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Legal Issues Roundup

We’ve been busy planning a panel discussion for the end of November, and have missed out on sharing interesting news in culture industries law. Here’s a roundup of some of those stories:

  • Streaming: Netflix announced multiple content deals, expansion into the UK, and yet its share price dropped after 800,000 subscribers left the service. Facebook and Universal have joined forces to make ‘Facebook Social Cinema’ available to users in Australia and the UK. Viacom claims copyright infringement by YouTube.
  • Music: Syl Johnson is suing Kanye West and Jay-Z for their illegal sampling of “Different Strokes”.Rihanna has settled with photographer David LaChapelle over the uncleared use of his photographs as an influence in scenes from the video for “S&M”. Four members of the British band UB40 have declared bankruptcy, and their assets, including royalties, will be seized to pay off debts.
  • Occupy Wall Street and the art world.
  • Books: A former marine is suing Washington Post reporter Steve Fainaru, claiming defamation, invasion of privacy and intentional infliction of nervous distress as a result of his portrayal in the book, “Big Boys Rule: America’s Mercenaries Fighting in Iraq.” Barnes and Noble bookstores have stopped selling DC Comics graphic novels after DC Comics made an exclusive deal with Amazon for digital sales.
  • TV: Former “Happy Days” stars claimed fraud by CBS over alleged unpaid royalties, but the Court found in favour of CBS and is only permitting the stars to move forward on a breach of contract claim.
  • Trademarks: The San Francisco Giants are in a battle over their logo, which the team never officially trademarked and is now owned by Gogo Sports Inc. The creator of building-block game “Minecraft” has won an interim injunction in a legal dispute over trademark of the name “Scrolls” for a game.

English Publisher Releasing Julian Assange’s Memoir Without His Approval

British publishing house Canongate announced yesterday that they would be releasing the “unauthorized autobiography” of Julian Assange, Wikileaks founder.

Julian Assange's Unauthorized Biography

According to the Associated Press, Assange initially agreed to allow the book to be published, but later changed his mind and told the publishers he did not want the book released. Canongate, owner of the rights to the book, stated they believed his story was one worth sharing, and believed the book would humanize Assange and “ultimately do him some favours.”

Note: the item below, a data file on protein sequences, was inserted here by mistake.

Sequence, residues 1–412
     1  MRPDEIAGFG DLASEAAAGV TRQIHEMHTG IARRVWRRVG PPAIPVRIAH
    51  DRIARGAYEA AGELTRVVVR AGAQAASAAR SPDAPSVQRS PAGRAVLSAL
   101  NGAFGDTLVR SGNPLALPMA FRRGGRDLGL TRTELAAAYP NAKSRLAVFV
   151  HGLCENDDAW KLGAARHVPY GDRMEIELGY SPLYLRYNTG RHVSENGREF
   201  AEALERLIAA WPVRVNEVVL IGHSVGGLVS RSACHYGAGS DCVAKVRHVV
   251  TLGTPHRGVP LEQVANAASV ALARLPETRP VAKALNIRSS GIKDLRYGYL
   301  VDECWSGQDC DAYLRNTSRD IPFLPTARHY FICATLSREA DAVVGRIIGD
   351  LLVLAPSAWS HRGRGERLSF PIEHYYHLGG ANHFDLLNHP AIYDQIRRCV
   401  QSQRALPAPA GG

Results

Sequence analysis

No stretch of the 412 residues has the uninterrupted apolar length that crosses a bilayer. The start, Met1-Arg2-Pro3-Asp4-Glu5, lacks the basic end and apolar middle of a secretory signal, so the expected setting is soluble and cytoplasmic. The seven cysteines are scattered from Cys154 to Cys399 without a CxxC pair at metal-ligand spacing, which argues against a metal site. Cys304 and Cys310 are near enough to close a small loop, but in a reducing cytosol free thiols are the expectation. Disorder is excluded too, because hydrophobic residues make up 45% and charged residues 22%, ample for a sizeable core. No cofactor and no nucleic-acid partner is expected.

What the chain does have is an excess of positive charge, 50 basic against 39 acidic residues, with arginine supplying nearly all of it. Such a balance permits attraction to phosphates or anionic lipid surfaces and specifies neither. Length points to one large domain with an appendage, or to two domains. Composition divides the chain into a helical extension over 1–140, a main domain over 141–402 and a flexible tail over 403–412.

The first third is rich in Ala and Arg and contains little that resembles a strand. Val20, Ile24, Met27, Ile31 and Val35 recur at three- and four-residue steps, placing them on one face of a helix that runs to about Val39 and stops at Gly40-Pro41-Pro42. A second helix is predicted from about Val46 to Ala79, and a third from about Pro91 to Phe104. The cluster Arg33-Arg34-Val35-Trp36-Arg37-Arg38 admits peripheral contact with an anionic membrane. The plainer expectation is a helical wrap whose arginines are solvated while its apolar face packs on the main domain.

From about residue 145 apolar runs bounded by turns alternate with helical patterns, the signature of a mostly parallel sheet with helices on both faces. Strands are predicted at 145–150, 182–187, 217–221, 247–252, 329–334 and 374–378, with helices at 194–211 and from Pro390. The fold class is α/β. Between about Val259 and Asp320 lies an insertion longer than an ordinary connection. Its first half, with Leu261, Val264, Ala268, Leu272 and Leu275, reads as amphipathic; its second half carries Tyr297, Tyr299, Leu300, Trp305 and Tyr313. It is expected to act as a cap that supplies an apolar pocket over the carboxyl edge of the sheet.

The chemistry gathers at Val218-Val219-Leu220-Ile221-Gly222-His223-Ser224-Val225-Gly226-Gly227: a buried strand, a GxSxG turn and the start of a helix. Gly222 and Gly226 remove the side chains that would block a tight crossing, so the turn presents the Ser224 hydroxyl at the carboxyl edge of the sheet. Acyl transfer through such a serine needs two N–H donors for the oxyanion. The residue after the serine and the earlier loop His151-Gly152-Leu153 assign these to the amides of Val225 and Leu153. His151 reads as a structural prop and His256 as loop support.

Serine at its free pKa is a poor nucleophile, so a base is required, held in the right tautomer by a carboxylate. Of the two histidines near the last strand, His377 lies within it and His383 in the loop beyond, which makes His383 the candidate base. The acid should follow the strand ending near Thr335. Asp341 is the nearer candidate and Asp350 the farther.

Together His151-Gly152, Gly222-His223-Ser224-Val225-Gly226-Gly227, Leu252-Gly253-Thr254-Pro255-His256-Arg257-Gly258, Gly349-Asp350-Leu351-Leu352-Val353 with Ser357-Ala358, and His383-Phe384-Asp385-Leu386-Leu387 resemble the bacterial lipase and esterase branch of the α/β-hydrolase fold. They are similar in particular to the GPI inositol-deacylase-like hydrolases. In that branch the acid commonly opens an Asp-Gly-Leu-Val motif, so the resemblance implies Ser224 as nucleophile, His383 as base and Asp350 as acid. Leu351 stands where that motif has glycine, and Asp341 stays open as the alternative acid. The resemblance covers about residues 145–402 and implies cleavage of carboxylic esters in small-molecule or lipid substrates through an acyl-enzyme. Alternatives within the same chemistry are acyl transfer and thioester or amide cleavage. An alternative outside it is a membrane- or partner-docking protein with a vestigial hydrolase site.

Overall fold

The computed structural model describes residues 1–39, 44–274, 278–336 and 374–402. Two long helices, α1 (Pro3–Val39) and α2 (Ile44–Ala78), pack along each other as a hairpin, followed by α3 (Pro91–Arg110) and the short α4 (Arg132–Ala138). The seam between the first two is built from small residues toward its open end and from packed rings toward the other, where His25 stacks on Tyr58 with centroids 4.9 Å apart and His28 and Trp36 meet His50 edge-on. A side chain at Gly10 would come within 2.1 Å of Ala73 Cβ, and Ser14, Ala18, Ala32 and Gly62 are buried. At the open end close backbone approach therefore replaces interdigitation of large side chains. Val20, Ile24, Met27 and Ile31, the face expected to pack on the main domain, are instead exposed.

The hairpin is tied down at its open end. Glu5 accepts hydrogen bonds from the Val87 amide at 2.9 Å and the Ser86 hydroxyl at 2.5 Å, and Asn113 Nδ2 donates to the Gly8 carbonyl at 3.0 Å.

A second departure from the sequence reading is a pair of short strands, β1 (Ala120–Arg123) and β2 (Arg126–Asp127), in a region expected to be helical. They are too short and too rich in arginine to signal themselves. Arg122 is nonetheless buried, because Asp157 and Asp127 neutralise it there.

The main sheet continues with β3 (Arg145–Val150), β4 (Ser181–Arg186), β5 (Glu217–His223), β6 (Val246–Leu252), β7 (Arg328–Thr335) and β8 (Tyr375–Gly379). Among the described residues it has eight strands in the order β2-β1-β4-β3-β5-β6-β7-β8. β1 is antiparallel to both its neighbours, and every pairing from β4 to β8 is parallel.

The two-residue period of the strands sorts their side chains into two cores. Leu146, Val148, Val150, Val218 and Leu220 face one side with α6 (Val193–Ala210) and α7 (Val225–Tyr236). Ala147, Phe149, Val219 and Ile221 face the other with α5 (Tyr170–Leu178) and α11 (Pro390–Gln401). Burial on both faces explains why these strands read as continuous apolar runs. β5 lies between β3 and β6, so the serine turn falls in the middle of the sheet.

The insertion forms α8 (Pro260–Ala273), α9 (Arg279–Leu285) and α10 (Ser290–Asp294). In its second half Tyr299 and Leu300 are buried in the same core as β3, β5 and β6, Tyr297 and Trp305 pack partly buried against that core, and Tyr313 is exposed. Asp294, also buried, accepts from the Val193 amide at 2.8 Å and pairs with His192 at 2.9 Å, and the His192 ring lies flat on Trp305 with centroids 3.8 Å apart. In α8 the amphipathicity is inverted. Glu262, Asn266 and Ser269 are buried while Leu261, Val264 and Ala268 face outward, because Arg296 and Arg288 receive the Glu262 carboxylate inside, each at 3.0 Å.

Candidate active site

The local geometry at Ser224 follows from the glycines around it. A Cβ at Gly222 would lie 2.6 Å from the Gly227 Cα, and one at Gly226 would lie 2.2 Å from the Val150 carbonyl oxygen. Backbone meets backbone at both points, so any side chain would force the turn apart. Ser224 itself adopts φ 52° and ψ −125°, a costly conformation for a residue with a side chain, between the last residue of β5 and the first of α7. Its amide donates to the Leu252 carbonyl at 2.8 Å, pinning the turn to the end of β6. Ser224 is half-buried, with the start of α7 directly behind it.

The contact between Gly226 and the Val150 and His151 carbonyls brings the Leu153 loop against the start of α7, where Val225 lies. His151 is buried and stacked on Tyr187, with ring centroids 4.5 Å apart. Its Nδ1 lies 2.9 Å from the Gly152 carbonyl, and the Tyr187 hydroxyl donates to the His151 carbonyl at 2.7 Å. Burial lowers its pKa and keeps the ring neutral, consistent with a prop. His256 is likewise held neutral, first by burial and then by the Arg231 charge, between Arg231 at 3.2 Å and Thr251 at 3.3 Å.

The decision to publish the book against Assange’s wishes, however, came down to the basics of contract law. Assange tried to cancel his contract but since he did not repay the advance he was given by Canongate upon selling the rights to his memoir they continued with publication. Assange says he was forced into the deal to pay his legal fees and he never wished for the book to be published.

While Canongate has decided to go ahead with publication the American publisher Knopf, who bought the rights from Canongate, has cancelled the contract to publish the book.

Source: Globe and Mail

Canadian Writer Sues Critic and Wins £65,000 in Libel Damages

The London High Court recently ruled for UK-based Canadian writer and sociologist, Sarah Thornton in a lawsuit over a “spiteful” book review of the non-fiction bestseller Seven Days in the Art World. Thornton was awarded £65,000 (around $101,178 CAD) for libel. The crux of the case fell on false allegations made by Daily Telegraph critic Lynn Barber claiming that she had never been interviewed by Thornton despite being listed as an interviewee in the book. But in fact, she had.

Sarah Thornton, author of Seven Days in the Art World

An extra £15,000 in punitive damages were added for malicious conduct. As the judge explained:

A reviewer is entitled to be spiteful, so long as she is honest, but if she is spiteful, the court may more readily conclude that misstatements of fact are not honest, since spite or ill will is a motive for dishonesty.

See the Financial Times for an in depth article on the case, and Canadian Art for a 2009 interview with Thornton on her book.

Source: VoCA